The Short Version: The story of Walter and Patty Berglund. Their lives, from childhood to the present, and their various passions, failures, successes, etc. Their children play big roles as does a ‘rocker’ who apparently looks like Quaddafi and is called Richard Katz. There is much Americana… and way too much about birds.
The Review: I’m coming late to the Freedom train and even later to the Franzen one. Haven’t read The Corrections or any of his other work – I finally decided to take a run at this book simply because it seemed as though it might win The Rooster at the ToB this year (It didn’t, by the way – the sublime A Visit From The Goon Squad took the cock this year in a triumph of good literature over not-so-good). That and it is maybe the most hyped stand-alone novel to be released in my lifetime. ….Yep, I think that’s actually the truth. And for the first hundred-and-fifty/two-hundred pages, it is one of the best things I’ve ever read.
See, Franzen has this hypnotic writing style – it is slightly heightened but it flows in such a way that you’re just drawn in. Like good narration on a film or like a children’s story put to tape by a melodic voice like that of Sting. The novel just takes you in and pulls you along before you even notice you’ve begun. And it is wonderful. Beautiful. Fantastic, even.
I think it was around when the birds started to become a thing that I started to really get frustrated. See, I can deal with tangents and such – I’m a tangential man myself – but dear god. Walter and the fucking birds. I found myself utterly repulsed by the book suddenly. Dumbfounded. This is not because I don’t agree – on the contrary, I think conservation is incredibly important to the sustainment of the Earth. That becomes irrelevant though when, in the middle of a previously quite good piece of fiction, you receive what amounts to the most boring lecture you’ve ever heard. Not only does it seem completely and utterly out of place (I mean, seriously – how much research did this jackass (meaning Franzen) do in order to write all of the shit that goes into the second half of this novel re: birds?) but it goes as far as seeming like self-sabotage. Franzen seemed to wake up halfway through writing this pitch-perfect reflection on the modern American family… and decided that it was a good time to talk ad nauseum about birds. That and he starts writing things like “hot, hungry microcosm of Patty’s cunt”, I’m officially switching from lover to hater.
The novel, interestingly enough, is like one’s relationship to NPR. This is not entirely coincidental, seeing as the novel pushes the classic “liberal agenda” pretty damn stridently. But seriously, I grew up listening to NPR at home. I love the radio shows, the politics, etc. It’s part of my youth. That said, it gets annoying sometimes. Even to me. You’ll be listening to a great story on “This American Life” or laughing along to “Wait Wait… Don’t Tell Me!” and then you’re slapbang in the middle of some bleeding heart story about the bonobos in Uruguay and you’re like “this affects me in no way shape or form. seriously. this does not affect me in the slightest” and you start getting angry at the station and the station just keeps taking you deeper into the most ridiculous stereotypes of liberal ideology and you just want to bang your head and shout to the skies “THIS IS WHY THEY WANT TO CUT YOUR FUNDING, YOU MORONS!”
…..ahem. But seriously, that’s this book. It can be funny and pithy and so incredibly suave about capturing what it means to be an American today… and then there’s all this shit about birds. I’m sorry if it seems like I’m harping, but it was frustrating and annoying and unnecessary in my mind. To the point that, as you can tell, I began to get actively angry with the book.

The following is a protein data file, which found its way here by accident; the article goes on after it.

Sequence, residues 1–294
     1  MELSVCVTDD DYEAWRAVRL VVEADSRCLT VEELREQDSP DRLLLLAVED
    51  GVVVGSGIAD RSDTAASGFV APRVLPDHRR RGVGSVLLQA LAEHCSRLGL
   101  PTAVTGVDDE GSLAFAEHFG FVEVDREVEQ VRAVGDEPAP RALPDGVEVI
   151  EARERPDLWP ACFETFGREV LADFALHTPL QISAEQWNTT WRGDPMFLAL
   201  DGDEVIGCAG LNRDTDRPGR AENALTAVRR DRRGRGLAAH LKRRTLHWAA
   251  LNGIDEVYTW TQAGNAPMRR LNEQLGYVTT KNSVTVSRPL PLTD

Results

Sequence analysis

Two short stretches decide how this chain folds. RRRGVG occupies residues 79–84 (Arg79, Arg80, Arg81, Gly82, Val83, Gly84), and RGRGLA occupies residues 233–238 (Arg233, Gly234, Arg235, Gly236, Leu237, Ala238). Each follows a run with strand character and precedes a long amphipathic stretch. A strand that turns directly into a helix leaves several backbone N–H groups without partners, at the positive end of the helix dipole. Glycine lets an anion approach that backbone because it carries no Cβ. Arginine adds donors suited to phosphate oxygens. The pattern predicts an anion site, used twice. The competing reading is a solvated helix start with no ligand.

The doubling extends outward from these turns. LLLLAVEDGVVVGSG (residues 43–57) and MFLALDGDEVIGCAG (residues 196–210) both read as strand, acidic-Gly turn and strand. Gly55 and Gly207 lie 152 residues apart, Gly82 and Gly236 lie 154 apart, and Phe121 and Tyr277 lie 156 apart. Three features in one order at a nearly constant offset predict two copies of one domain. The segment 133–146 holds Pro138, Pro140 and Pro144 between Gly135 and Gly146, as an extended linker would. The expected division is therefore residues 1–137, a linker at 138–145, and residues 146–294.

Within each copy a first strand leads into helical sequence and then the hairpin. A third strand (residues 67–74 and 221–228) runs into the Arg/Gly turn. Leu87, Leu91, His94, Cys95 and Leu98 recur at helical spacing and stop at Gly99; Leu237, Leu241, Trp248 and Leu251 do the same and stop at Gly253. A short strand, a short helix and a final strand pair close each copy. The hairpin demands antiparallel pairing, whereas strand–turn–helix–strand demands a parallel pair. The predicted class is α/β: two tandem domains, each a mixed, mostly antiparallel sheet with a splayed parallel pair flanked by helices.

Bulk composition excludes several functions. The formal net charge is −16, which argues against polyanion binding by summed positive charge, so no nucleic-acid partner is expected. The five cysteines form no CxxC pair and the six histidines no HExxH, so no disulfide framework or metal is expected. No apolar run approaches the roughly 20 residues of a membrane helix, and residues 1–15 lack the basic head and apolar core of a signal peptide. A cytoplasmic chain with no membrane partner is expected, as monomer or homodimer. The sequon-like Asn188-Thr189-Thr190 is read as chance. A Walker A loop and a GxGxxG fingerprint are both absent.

It doesn’t help, I suppose, that none of the characters are very likeable. And Franzen has this thing about trying to seem hip and with-it and so he namedrops “the cool bands” and talks about Conor Oberst’s powder blue tuxedo and, again, there’s that NPR sense of “we’re cool, right?!” about the whole venture. The kids are obnoxious and the one semi-likeable one (Jessica) gets the short shrift in attention. The adults are annoying and strangely flat – once their personal quirks have been revealed, they become nothing more than a manifestation of that quirk, that problem: Walter puts others ahead of him and only wants to please Patty and thus is never forceful with her, Patty loves Richard and not Walter, Richard is a hard-living rock star who doesn’t care about anyone. These traits go from single descriptors to the definition of these characters. They are flat and boring, put simply.
In the end, a novel that could’ve been what everyone thought it might be – The Great American Novel, at least of the beginning of the 21st Century – is nothing more than the same dashed hopes we liberals feel looking at Obama’s Presidency. Franzen does such a great job creating and evoking and capturing every little aspect of the demented way that families exist today that he didn’t need to go so far afield. He didn’t need to make his characters devoid of any redeeming goodness. He didn’t need to write with pinky extended – he could’ve kept it grounded and kept it truthful. Instead, it gets lost in it’s own intentions of greatness.
Rating: 3 out of 5. Squarely in the middle. What started out so well turned into an annoyance… then an outright frustration… mixed with a little hatred now and then… and ended with such a whimper that I closed the book and rolled my eyes at the end. Sure, Franzen is a great novelist – he’s funny and incredibly talented. But this is a clear instance of believing the hype – the man is not our greatest living writer. This isn’t even the best book of the year. For me, I’m not even sure it makes my top ten… except, well, that beginning half was pretty damn great. But I’m done with the liberal paranoia and angst of 2007/2008. It’s 2011 – that’s so the Aughts.